Infection 08/2013; · 2.44 Impact Factor
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    ABSTRACT: Out of 302 AIDS-related lymphoma (ARL) patients enrolled in the German ARL cohort study, 18 patients had plasmablastic lymphoma (PBL). Twelve out of 18 patients (67%) have died with a median survival of 4 months (range 0-11 months). In univariate analysis, an intermediate or high international prognostic index score was associated with a significantly lower overall survival and progression-free survival. The predominant cause of death was progressive lymphoma (67%). Our data indicate that the outcome of AIDS-related PBL is still very poor.
    AIDS (London, England) 03/2013; 27(5):842-845. · 4.91 Impact Factor
  • The Journal of Infectious Diseases 02/2013; · 5.85 Impact Factor
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    ABSTRACT: Liver involvement in syphilis has been studied in cohorts of human immunodeficiency virus (HIV)-negative individuals despite the scarcity of data on such HIV-infected patients. Th aim of this study was to assess hepatic involvement of HIV-infected patients diagnosed with syphilis. Patients with syphilis and liver involvement, including all stages of syphilis, were systematically identified in our HIV cohort between 2004 and 2008. Of the 1,599 HIV-infected patients identified during the study period, 100 were diagnosed with acute syphilis, all of whom were male. Of these 100 patients, 84 % were men who have sex with men. Laboratory parameters of liver involvement were present in 19 of the 100 HIV-infected patients with syphilis; these resolved after successful antibiotic treatment. Among these 19 patients, six were diagnosed to be in the latent stage, with elevated liver enzymes and parameters of inflammation representing the only distinctive feature. Based on our results, syphilis should be included in the differential diagnosis of increased liver enzymes in HIV-infected patients.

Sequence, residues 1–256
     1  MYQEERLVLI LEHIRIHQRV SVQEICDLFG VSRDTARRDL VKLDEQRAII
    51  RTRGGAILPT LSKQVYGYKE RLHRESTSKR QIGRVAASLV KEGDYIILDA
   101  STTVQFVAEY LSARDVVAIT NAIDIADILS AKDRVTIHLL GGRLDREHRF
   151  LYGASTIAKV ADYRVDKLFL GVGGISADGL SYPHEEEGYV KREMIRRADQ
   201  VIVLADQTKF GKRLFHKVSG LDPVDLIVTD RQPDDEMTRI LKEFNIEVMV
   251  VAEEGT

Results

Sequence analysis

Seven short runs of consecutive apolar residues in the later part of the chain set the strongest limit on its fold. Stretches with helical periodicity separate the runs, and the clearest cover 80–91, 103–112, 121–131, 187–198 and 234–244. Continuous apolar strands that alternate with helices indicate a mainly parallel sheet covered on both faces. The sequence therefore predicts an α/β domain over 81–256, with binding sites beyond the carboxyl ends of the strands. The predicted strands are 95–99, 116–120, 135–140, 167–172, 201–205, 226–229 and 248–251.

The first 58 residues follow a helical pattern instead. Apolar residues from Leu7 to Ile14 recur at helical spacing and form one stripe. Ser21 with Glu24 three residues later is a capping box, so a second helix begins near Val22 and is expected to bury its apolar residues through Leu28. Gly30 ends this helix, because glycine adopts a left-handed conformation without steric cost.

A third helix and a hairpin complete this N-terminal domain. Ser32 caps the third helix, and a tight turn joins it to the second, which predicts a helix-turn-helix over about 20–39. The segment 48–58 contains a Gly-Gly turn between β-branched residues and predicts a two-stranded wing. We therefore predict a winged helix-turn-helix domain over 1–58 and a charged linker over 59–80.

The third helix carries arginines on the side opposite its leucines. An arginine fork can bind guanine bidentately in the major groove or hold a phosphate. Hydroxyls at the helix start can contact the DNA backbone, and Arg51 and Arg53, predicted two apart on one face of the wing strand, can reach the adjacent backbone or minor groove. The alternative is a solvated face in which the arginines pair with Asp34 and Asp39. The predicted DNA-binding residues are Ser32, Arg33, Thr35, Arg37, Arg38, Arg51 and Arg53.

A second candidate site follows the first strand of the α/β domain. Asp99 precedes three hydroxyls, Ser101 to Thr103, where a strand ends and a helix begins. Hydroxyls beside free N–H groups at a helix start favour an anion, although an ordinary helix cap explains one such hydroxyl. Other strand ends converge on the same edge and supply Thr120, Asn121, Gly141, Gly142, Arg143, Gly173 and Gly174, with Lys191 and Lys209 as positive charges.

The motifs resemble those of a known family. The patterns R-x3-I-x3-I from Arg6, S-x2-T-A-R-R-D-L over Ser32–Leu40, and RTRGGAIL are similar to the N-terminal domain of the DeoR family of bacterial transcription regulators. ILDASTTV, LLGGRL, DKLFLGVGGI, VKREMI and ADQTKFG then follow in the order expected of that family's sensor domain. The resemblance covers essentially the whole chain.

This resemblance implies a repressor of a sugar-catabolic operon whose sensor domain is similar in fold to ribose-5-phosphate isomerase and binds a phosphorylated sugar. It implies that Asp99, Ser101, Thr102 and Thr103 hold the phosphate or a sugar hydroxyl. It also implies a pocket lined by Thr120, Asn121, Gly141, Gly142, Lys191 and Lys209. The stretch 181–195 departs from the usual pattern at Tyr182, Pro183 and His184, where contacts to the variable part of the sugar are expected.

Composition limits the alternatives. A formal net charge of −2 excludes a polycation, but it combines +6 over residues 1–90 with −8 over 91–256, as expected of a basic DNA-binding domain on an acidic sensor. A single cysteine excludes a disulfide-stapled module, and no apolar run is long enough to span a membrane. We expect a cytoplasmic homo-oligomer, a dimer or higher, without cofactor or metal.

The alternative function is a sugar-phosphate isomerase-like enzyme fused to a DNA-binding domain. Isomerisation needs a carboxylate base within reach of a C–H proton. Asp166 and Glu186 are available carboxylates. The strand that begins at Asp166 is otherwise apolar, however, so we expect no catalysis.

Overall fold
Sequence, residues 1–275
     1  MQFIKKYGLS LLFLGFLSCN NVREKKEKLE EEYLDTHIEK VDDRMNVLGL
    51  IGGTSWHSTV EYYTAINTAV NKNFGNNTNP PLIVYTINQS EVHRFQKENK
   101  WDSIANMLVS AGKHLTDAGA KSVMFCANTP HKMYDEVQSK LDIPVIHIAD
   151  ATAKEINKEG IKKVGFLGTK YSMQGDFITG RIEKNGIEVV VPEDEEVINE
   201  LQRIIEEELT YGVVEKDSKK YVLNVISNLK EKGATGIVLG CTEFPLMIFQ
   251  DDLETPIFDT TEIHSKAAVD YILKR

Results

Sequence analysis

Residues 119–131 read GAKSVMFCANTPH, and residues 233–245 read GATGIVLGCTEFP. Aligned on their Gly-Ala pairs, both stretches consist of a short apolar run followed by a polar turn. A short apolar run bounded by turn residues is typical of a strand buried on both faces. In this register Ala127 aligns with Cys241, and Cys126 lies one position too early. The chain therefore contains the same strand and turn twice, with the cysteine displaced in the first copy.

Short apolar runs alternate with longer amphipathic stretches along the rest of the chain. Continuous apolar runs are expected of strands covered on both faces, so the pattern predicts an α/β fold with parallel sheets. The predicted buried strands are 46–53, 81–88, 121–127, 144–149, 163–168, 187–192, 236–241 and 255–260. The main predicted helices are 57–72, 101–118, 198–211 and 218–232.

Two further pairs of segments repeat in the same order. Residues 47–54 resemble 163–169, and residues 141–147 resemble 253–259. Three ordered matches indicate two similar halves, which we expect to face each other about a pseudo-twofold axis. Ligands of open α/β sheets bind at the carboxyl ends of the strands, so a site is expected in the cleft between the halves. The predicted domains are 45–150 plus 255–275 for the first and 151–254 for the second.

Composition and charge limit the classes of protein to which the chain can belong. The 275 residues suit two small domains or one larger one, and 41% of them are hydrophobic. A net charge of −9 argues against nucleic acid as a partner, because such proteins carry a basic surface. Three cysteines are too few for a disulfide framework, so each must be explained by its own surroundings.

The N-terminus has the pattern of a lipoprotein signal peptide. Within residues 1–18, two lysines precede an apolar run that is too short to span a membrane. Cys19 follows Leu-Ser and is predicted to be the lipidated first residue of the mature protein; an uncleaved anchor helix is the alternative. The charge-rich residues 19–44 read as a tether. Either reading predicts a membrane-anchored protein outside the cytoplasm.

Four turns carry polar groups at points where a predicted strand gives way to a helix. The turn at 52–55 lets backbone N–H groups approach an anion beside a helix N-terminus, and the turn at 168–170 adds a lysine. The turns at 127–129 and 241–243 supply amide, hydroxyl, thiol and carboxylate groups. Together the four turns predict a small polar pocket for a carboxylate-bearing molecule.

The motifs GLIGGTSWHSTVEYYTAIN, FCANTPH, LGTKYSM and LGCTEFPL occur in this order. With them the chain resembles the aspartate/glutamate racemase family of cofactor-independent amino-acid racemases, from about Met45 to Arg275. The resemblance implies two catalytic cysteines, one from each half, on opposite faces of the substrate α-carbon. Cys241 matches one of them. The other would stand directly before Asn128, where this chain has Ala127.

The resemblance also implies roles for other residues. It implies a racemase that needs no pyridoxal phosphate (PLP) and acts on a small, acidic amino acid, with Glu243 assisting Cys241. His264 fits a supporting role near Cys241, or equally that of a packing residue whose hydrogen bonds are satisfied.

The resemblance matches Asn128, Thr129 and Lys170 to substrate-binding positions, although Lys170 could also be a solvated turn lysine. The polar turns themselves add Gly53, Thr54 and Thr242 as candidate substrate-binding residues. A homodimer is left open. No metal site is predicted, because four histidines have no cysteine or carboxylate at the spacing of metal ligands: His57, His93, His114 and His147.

Infection 04/2012; 40(5):543-7. · 2.44 Impact Factor
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    ABSTRACT: AIDS-related lymphomas (ARLs) significantly contribute to mortality in HIV-infected patients. Optimal chemotherapy treatment and the use of rituximab remain controversial. The aim of the present cohort study was to analyze the outcome of HIV-infected patients diagnosed with ARL, with regard to the use of rituximab, clinical characteristics and histopathological markers. This observational uncontrolled multicenter cohort study included 163 HIV-infected patients with ARL diagnosed between January 2005 and December 2008 in Germany. Patients with CD20-positive ARL had a significantly better overall survival (OS) and progression-free survival (PFS) than patients with CD20-negative ARL [hazard ratio 0.28, 95% confidence interval (CI) 0.15-0.53 and hazard ratio 0.29, 95% CI 0.16-0.53]. In CD20-positive cases, the use of rituximab was associated with better OS and PFS (n = 128, hazard ratio 0.48, 95% CI 0.25-0.93 and hazard ratio 0.47, 95% CI 0.26-0.86), even in patients with severe immune deficiency at ARL diagnosis (CD4 T-cell count<100 cells/μl, n = 33; OS: hazard ratio 0.25, 95% CI 0.07-0.90). In multivariate analysis, CD4 T-cell counts more than 100 cells/μl and the use of rituximab were associated with better OS and PFS. In total, there were 12 polychemotherapy-associated deaths, which were not related to specific therapy regimens or to the use of rituximab. In patients with CD20-positive ARL, CD4 T-cell count at ARL diagnosis and the use of rituximab had strong impact on survival. Rituximab was beneficial in ARL even in the setting of severe immune deficiency and was not associated with an increased risk of fatal infections.
    AIDS (London, England) 11/2011; 26(4):457-64. · 4.91 Impact Factor